Oppenheimer Park has a sordid history of politics and protests including being one of the settings of Vancouver’s infamous Bloody Sunday in 1938 that began at the Post Office (now Sinclair Centre).
Plagued with being known for drug use in recent decades, the Strathcona Business Improvement Association has worked over the years to reestablish the park as a safe place for all in the community. There is a story around every corner including that of the Sakura Legacy and I’m certain there are dozens if not hundreds more.
Since June of 2009 much of the park had been closed off with people and events relocated for about a year. The $1.37 million in upgrades have now provided a field house, washrooms, universally accessible walkways, children’s playground, sports court with basketball hoop, horseshoe pitch, patio spaces, picnic tables and seating areas, central lawn area, trees and flowers, sub-surface drainage and a new irrigation system. The grand re-opening and dedication celebration was last Saturday, July 24th.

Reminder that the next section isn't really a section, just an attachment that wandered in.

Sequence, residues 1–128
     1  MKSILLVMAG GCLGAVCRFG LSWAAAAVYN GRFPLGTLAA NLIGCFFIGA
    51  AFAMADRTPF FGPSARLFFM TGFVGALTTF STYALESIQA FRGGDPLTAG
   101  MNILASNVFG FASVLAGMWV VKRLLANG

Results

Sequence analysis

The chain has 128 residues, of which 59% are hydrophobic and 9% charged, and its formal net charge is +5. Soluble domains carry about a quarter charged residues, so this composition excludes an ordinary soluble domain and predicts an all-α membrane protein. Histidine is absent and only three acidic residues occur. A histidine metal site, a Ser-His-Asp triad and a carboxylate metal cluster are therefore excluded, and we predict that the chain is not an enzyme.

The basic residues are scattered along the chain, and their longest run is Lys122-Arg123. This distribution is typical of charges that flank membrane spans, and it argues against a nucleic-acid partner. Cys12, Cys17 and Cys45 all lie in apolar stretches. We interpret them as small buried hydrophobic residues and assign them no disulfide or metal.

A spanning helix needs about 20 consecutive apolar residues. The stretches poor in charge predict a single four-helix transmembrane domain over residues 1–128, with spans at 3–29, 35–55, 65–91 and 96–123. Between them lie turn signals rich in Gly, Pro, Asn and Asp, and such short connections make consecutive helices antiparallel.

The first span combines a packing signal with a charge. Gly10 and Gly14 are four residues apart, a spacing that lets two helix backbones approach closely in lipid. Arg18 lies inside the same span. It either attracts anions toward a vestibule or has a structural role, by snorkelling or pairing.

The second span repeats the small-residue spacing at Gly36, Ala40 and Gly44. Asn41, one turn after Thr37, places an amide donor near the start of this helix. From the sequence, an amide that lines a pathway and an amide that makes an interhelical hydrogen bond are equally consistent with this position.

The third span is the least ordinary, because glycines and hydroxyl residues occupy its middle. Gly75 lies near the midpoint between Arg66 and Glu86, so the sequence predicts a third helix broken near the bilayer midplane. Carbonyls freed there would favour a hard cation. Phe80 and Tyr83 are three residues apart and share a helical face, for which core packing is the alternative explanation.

The park hosts community events throughout the year including this weekend’s 34th annual Powell Street Festival – Vancouver’s longest running community celebration. “Taking inspiration from the Japanese notion of Koen debut, or Park debut, whereupon neighbourhood toddlers are introduced to their local community, the 34th Annual Powell Street Festival celebrates the idea of neighbourhood, youth, children, the park and its landscape.” It will have a free bike valet as well as a “zero waste” commitment to reducing the amount of garbage generated by the event. You can follow the festival on Twitter @PowellStFest.
My family and I were recently invited to tour Bakerview EcoDairy in Abbotsford. I am always interested in learning more about where my food comes from, so I jumped at the chance.
The EcoDairy is a demonstration farm, and its purpose is to teach the public about dairy farming. You can visit 7 days a week, all year round. A tour includes a short animated video about the farm, displays explaining the way that the dairy runs in the learning centre, a walk through the barn and a stop in the glass-windowed milking gallery. We learned a lot about cows, dairy farms and the EcoDairy. For instance, did you know that the average dairy cow produces around 30L of milk a day? And one cow licked me, so that was fun, if a touch gooey.